# Comparing 2 gages

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• #40136

Lomax
Participant

I have a study in which I would like to compare 2 gages. The current “talk” is that group “A” uses one gage to measure a part and then group “B” is using another gage (both designed and made internally) and group “B” rejects parts that group “A” accepts. I’ve performed gage R&R’s before but what would be the best approach in this situation?
Thanks,
Neil

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#124235

sathish chandran A R
Member

Hi,
The issue here is lack of operational definition; get the answers for the following;
1) What is the parameter to be measure.
2) How exactly you need to measure it.
3) Which instrument is the right instrument to use.
4) how to use the instrument to measure
5) arrive at the procedure for measurement.
6) Train all concerned on the same.
7) Establish frequency of claibration etc.
regards
sathish

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#124236

Randa
Participant

Neil,
Firstly, are the two gauges calibrated? Secondly, as the test is non-destructive as you can measure the same part on both gauges, a paired t-test would tell you whether they are reading the same. Thirdly, if the gauges are different, but are both calibrated, then the meausurement process for the two must be different. Consider the problem then as a mini 6S issue – i.e. define the gap, measure (map the process), etc.
Randa

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#124242

“Ken”
Participant

Neil,
Would it be possible for you to measure a range of samples on both gages?  In otherwords, could you select say 5 to 10 samples across the expected range of measures, then measure each part on gage 1 and measure each part again on gage 2.
If you can do this type of paired evaluation, then you could prepare a scatterplot of the paired measures, hopefully regress a linear relationship, assess the quality and confidence bounds for the linear relationship, and determine the bias between the two measurement systems.
Just a few thoughts before I call it a day…
Ken

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#124304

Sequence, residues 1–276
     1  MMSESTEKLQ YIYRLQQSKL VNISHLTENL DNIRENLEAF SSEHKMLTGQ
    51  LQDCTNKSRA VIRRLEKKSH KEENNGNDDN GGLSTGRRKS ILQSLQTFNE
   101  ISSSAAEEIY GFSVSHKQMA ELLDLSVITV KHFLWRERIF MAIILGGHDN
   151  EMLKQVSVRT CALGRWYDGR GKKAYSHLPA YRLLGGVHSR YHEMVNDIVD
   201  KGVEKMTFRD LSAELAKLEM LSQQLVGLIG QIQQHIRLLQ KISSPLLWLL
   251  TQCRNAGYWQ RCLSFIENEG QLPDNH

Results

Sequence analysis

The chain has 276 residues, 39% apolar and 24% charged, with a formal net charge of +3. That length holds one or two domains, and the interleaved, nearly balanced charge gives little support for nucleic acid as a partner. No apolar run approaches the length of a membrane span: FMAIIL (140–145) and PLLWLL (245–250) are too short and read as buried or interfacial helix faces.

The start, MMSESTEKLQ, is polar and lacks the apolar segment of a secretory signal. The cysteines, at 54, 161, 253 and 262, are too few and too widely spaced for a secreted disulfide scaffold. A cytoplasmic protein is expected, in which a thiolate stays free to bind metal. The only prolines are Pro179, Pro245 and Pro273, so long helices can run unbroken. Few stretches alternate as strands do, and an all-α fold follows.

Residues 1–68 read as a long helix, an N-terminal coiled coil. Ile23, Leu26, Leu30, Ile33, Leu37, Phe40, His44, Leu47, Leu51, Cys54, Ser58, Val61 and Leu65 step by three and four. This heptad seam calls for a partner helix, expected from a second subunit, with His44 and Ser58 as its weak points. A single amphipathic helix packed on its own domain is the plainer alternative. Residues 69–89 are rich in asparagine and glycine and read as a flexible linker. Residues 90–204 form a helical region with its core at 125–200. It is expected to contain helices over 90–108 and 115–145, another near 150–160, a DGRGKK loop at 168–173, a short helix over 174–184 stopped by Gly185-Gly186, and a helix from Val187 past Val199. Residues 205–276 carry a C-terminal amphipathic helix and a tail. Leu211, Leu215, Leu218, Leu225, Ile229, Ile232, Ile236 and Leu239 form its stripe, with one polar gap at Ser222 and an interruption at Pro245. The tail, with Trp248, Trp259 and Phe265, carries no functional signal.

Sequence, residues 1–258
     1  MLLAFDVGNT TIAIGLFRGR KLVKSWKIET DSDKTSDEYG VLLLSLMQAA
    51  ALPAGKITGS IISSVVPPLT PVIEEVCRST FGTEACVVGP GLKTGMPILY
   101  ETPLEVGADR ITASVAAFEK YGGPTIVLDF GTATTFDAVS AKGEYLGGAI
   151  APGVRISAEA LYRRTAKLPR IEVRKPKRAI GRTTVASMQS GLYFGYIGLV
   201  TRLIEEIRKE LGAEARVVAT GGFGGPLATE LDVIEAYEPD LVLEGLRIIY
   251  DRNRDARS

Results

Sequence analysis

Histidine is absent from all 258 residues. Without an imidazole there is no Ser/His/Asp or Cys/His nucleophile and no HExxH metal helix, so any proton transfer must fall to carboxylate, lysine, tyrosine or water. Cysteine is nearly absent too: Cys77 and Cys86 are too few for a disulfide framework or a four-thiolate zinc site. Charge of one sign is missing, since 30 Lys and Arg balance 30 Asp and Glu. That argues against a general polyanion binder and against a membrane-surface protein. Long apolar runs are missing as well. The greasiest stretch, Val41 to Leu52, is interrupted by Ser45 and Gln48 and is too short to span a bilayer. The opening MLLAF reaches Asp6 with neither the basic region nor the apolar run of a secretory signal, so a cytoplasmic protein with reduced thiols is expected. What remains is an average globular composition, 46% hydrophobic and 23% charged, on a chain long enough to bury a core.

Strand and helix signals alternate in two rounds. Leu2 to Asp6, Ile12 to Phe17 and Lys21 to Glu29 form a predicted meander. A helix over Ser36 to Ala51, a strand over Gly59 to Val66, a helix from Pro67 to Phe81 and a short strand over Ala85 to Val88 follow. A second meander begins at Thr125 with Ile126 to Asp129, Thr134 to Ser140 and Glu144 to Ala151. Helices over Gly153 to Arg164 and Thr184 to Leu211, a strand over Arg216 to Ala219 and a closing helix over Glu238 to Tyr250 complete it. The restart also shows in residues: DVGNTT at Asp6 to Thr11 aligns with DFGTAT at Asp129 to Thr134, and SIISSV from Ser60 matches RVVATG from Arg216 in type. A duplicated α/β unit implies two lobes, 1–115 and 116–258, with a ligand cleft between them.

MLA
Participant

First thing to do:
Get rid of one of the measurement gages. Your letting them add variation to the measurement process. Then do the gage RnR on the ONE measurement tool
mla

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#124330

jediblackbelt
Participant

How about trying to do a DOE on the gages and operators.  You could then come up with something to show whether or not it is a difference due to operators or gage or the interaction between the two.
Just a suggestion too is that if you do a paired T-Test to also use only one operator.  Otherwise you are throwing in a variable that you can’t account for in order to determine your gage bias.

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#124477

Lomax
Participant

Folks,
Thanks for your input. The problem is:
1. The instruments are “home made”
2. One is in a Cleanroom while the second is on the manufacturing floor.
3. I was thinking of performing a paired “t-test” as many suggested.
4. The “measurement” isn’t exactly what most people are used too (spring preload aka spring droop)
I really can’t get rid of one of the instruments (not practical) and I really can’t use it on the production floor and then bring it into the cleanroom (again not practical). Having samples is not a problem and I really think the paired t-test will be the best approach.
Thanks to all for the input,
Neil

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#124953

jormonal
Participant

Neil:
I agree with sathish chandran: you must know EVERYTHING about yor measure system. In the other hand I think ‘home-made’ instruments is not an issue as long as they were built to measure the same kind of things. By the way:
1. (Perhaps a silly question) Are the instruments made WITH THE SAME MATERIALS?.
2. What kind of UNITS your instruments measure?; are the variables CONTINUOUS or DISCRETE (go-nogo like)
3. You wrote ‘ one is in the Cleanroom while the second is on the manufacturing floor’: Are the ENVIRONMENTAL conditions THE SAME for both instruments? (humidity, temperature)

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